The other advisor is the research mentor. Because there is interesting biomedical computation work being done throughout Stanford, not just in the School of Engineering, we place no restrictions as to where within Stanford the faculty mentor conducts his or her research. It is not necessary to have a research advisor at the time of declaring; many of our students do not.
It is acceptable for the same faculty member to serve as both the academic and research advisor for a BMC student.
For additional information about the major, and for step-by-step instructions on how to declare, please visit the BMC website. If you have further questions, please contact the student advisor for the major, Dr. Amit Kaushal.
If I do BMC can I also…
Yes. This requires taking about six additional chemistry, physics, and biology lab courses. While we can offer some advice here, it is important to talk to a premed advisor to cover which additional courses you need to take.
Absolutely! Though the major requirements are many, it is quite possible to go abroad. The earlier you start planning, the easier this will be.
Do an Honor thesis?
Yes. You can review the steps to applying and declaring on the Honors in BMC website.
Add an additional major or minor in something else?
Yes. While the major is demanding, some students have managed to squeeze in other areas of study as well. Some students have asked about double-majoring or minoring in Computer Science or Biology. It does not make much sense to do so, since the BMC major has a large number of courses from these departments already. BMC majors can tailor their curriculum so that they are quite well trained in either of these disciplines.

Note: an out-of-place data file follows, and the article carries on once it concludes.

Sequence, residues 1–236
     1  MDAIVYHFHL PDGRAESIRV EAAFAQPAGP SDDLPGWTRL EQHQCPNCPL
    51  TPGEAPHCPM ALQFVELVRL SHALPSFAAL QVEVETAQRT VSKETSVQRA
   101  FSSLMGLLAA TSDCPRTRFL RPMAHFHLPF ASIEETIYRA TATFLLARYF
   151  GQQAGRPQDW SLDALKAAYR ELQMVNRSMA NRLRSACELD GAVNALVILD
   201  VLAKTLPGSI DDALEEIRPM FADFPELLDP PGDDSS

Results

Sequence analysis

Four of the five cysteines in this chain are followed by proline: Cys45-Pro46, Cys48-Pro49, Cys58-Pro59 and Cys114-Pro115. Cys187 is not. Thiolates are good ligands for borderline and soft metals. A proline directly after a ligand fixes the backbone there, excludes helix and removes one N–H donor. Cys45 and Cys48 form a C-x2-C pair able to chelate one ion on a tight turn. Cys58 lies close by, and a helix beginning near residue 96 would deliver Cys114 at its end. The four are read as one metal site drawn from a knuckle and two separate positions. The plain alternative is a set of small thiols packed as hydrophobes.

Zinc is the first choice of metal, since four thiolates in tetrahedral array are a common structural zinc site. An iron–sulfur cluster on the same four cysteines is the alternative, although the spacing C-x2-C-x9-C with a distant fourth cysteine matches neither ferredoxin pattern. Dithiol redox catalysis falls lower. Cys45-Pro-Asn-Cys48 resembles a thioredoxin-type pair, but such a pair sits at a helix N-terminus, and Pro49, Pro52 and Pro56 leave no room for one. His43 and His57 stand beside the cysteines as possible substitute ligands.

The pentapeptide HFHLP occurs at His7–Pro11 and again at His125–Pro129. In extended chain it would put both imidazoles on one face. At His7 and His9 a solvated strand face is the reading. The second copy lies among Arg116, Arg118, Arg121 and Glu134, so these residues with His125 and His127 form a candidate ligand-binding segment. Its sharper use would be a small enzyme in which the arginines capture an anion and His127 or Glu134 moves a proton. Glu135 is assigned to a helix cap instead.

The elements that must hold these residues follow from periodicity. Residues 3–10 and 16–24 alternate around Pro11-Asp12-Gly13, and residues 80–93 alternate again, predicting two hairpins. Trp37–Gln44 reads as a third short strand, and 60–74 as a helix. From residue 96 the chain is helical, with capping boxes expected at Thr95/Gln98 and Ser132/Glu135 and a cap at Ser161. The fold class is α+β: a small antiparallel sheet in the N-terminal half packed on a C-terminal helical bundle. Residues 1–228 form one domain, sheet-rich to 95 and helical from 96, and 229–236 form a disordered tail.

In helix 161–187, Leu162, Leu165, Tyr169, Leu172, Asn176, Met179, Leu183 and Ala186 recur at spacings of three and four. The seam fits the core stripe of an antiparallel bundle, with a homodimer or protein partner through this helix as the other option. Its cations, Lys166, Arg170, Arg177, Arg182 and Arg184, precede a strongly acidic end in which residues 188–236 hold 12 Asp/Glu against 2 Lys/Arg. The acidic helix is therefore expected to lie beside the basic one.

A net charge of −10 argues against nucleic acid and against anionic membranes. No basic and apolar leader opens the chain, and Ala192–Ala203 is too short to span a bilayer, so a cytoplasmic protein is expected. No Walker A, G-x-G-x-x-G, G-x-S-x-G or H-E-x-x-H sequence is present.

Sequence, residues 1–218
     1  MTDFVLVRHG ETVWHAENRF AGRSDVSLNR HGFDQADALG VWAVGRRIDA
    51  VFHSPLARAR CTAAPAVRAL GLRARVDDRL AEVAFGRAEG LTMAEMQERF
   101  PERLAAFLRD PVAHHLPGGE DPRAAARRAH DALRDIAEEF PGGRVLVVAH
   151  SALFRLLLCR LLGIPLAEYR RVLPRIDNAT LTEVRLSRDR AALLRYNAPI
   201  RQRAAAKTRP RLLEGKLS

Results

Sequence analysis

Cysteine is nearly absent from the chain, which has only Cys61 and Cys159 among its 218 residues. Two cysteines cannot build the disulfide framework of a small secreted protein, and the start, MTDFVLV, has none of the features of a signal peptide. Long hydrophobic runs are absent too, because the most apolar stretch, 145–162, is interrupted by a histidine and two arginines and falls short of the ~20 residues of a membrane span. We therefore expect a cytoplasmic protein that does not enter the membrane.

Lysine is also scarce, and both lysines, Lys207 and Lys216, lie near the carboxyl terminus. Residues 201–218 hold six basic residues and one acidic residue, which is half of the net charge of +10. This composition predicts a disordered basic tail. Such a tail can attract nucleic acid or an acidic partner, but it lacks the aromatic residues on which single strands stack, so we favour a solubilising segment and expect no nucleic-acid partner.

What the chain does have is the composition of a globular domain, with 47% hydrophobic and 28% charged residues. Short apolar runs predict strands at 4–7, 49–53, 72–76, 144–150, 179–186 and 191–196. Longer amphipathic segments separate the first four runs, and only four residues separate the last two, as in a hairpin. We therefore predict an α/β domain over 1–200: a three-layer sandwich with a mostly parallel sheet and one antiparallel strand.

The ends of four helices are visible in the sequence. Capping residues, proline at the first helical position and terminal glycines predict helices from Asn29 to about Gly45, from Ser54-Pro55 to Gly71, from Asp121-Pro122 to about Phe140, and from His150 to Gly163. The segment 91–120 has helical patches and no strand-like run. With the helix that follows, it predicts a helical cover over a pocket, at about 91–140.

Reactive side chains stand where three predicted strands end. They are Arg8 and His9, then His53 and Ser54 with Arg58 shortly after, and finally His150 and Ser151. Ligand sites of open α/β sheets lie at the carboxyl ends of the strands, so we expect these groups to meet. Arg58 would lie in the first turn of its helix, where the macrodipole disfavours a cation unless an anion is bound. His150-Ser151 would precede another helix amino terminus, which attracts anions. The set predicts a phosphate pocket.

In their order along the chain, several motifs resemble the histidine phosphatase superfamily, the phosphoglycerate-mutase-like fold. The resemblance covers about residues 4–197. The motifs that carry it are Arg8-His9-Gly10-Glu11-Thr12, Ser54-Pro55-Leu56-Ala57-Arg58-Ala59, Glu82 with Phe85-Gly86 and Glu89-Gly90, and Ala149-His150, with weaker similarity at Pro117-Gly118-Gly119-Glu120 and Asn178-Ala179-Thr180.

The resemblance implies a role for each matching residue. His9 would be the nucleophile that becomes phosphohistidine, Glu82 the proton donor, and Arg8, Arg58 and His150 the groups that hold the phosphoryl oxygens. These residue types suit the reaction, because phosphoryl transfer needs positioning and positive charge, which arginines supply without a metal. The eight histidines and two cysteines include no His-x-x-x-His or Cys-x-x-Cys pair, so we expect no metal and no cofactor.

Absolutely. Stanford offers students the opportunity to study an additional year or so and obtain a coterminal Master’s degree. Many of our students have gone on to coterm in various departments at Stanford. Please contact the department in which you wish to coterm in your junior year – requirements vary from department to department, and this will leave enough time to plan for the application process and the courses you might have to take before enrolling.
- Declare in Axess
- Select "Engineering" as your Major
- Select "BMC" as your subplan
- Complete the Declaration webform, found at the How to Declare website
- Student Services will contact students and their major advisor via email within 7-10 business days after submission
- After receiving the advisor email, students should connect with their advisor to discuss the BMC program, review 4-year plans, and obtain their advisor’s electronic signature on the completed BMC Program Sheet
- Complete your program sheet and email to Dr. Altman or Dr. Kaushal for review and signature
- Submit your signed Program Sheet to BioE Student Services Officer, Gracey Hessinger (firstname.lastname@example.org). The student services team will update Axess to reflect your completed major declaration, major advisor assignment, and add you to the BIOE/BMC undergraduate email listserv.